New variants of Lithium polymer cells have been introduced into the marketplace. Several vendors offer Lithium polymer cells that deliver high currents, while other vendors offer cells that operate in high-temperature environments. These new variants expand that range of applications where Lithium polymer cells can be used.
Lithium polymer cells are offered in a myriad of sizes. A high-volume consumer device manufacturer typically uses a custom Lithium polymer cell, ensuring that the device has a maximum amount of battery material filling the available space allocated for the battery. However, there is a hidden issue with the popularity of Lithium polymer in consumer devices. Medical devices, wearable or otherwise, typically have a product life cycle of seven years. The availability of a Lithium polymer cell can be short, especially if their annual volume is driven by one or two consumer devices with two or three-year product life spans. A medical device manufacturer with lower volumes must be cautious when selecting a cell size for this reason. The manufacturer needs to understand the length of their product life, and cautiously select their cell manufacturer and their cell.
Challenges with Lithium Polymer Batteries
Due to the ease of manufacturing Lithium polymer cells, many new manufacturers are entering the market. However, while making a Lithium polymer cell seems ‘easier’ on the surface, making a high-quality polymer cell has proven a challenge for many of these manufacturers. The industry has seen many quality problems owing to poor quality processes both in the cell and battery pack manufacturing. Lithium polymer cells are susceptible particularly to moisture. Any moisture in the cell remaining after manufacturing or later, due to ingress of humidity because of poor sealing of the edges or tab terrace, will later result in gassing and swelling of the cells. This is a common problem and continues to be a challenge for lower tier manufacturers. Cycling of the cells can also cause swelling due to poor electrode mechanical integrity or electrolyte/electrode interactions. Additionally, in testing many manufacturers of polymer cells, there is a big disparity in performance and cycle life among the suppliers (See Figure 2).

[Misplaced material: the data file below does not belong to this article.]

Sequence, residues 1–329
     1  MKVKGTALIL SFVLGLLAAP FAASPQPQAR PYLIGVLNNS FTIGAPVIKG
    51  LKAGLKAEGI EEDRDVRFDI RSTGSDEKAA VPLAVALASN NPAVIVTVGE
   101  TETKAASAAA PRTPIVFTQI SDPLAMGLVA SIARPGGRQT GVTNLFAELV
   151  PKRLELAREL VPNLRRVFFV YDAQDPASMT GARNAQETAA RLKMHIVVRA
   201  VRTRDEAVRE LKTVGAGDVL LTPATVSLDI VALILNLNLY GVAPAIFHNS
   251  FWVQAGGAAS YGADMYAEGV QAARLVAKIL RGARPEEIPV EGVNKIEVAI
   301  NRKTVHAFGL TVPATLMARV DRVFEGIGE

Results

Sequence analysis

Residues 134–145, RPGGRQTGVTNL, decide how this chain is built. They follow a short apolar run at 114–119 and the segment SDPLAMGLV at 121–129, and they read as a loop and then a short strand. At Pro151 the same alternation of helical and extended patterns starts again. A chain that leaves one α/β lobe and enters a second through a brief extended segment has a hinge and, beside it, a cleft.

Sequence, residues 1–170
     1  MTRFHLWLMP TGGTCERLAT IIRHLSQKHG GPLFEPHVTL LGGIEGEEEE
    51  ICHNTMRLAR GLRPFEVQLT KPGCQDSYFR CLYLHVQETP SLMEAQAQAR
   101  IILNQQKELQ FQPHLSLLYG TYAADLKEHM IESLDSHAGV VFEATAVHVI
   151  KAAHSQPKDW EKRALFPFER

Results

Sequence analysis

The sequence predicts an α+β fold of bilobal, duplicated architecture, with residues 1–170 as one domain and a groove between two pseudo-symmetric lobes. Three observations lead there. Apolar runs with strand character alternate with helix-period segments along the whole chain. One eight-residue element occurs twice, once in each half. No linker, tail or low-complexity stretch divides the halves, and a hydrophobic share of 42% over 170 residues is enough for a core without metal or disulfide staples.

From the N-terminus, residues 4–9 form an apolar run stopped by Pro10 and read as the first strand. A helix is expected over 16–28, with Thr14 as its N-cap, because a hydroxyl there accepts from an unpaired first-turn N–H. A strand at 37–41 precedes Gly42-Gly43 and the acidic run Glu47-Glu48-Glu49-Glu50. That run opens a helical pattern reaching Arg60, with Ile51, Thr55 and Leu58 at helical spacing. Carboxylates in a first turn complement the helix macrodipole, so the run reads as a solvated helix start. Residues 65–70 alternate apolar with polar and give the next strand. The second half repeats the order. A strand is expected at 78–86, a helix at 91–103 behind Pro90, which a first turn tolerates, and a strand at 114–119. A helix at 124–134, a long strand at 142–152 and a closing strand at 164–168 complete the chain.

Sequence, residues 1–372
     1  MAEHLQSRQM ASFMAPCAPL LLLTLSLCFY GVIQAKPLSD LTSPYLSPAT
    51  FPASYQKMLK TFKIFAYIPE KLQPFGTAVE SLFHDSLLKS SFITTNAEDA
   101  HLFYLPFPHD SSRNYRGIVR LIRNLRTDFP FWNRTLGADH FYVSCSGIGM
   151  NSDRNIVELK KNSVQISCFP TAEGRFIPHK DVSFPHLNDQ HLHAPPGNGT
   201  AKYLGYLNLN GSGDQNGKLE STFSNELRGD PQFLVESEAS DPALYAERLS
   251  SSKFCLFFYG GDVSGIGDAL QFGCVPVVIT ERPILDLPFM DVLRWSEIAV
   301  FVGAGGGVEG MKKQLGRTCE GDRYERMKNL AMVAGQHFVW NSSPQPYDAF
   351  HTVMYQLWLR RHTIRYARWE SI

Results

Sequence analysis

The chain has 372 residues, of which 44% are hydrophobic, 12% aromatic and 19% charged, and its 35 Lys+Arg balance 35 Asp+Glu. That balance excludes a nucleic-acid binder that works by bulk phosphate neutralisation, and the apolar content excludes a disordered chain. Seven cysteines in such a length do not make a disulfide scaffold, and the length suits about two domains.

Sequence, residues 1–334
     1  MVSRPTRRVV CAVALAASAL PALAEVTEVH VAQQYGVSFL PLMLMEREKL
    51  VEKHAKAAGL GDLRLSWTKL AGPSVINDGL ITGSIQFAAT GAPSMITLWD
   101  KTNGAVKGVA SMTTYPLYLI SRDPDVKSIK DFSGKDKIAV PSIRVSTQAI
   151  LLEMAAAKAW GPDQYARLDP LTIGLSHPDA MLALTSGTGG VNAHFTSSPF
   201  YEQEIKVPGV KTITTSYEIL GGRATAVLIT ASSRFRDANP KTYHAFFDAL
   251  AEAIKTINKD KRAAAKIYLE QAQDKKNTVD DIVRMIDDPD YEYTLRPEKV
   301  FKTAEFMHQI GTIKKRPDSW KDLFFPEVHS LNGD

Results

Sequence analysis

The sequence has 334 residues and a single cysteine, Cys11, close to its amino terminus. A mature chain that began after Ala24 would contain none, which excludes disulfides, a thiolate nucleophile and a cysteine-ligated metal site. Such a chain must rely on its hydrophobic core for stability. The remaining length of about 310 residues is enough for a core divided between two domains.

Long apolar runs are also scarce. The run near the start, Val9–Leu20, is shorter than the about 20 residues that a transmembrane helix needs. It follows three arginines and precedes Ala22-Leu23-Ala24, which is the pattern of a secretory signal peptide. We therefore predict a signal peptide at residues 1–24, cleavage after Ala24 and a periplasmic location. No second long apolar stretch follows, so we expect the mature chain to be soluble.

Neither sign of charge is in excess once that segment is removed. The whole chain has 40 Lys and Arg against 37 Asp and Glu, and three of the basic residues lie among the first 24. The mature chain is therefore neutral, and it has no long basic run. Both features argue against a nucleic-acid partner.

Another disadvantage of a Lithium polymer cell compared to a cylindrical cell is less volumetric energy density. This is because cylindrical cells will not bulge due to their extremely strong shape, so very high electrode densities can be achieved with metal cans. Also, the selection of materials is less restrictive because small amounts of gas produced by a cylindrical cell has no effect on its performance or shape.
The same is not true of Lithium polymer cells. However, this disadvantage in energy density can be somewhat overcome by an advantage in battery packing density owing to the lost space between cylindrical cells. Lithium polymer cells tend to have better cycle life than cylindrical cells because they are not so tightly constrained; allowing the electrodes to expand and contract more freely during cycling reduces the mechanical stress on the electrodes. Figure 3 presents a cycle life chart of a 1C charge, 1C discharge cycle life of a 2.7 Ah cell. It is still retaining 90 percent after 500 cycles. There are newer designs coming that should exceed 1,000 cycles.
As with all Li-ion cells, overcharge also has to be prevented. Overcharge can result in significant capacity loss even at levels just above a typical 4.2 V charge. Higher levels of over-voltage can result in safety issues as the cathode breaks down and internal cell reactions escalate into thermal runaway. There are differences in the safety mechanisms, particularly between cylindrical cells and polymer cells. Polymer cells do not have an integral pressure activated current interrupt devices (CID) as 18650s do that help prevent overcharge as the gas pressure builds. Traditionally 18650s also include internal PTCs to stop operation when high current/temperature thresholds are exceeded whereas polymer cells do not have this. This functionality can be added either with PTC or thermal fuse to the battery in combination with its safety circuit.
Lithium polymer cells offer many attractive benefits, including the ability to develop smaller, thinner medical devices and the flexibility to create a size that truly optimizes form, fit, and function of your device. However, the phrase “Buyer Beware” is never truer than when it is applied to Lithium polymer cells. The variability in quality, safety and performance require experience and diligence to ensure the standards expected of a wearable medical product are met.
This article was originally published in Battery Power Magazine, May 2015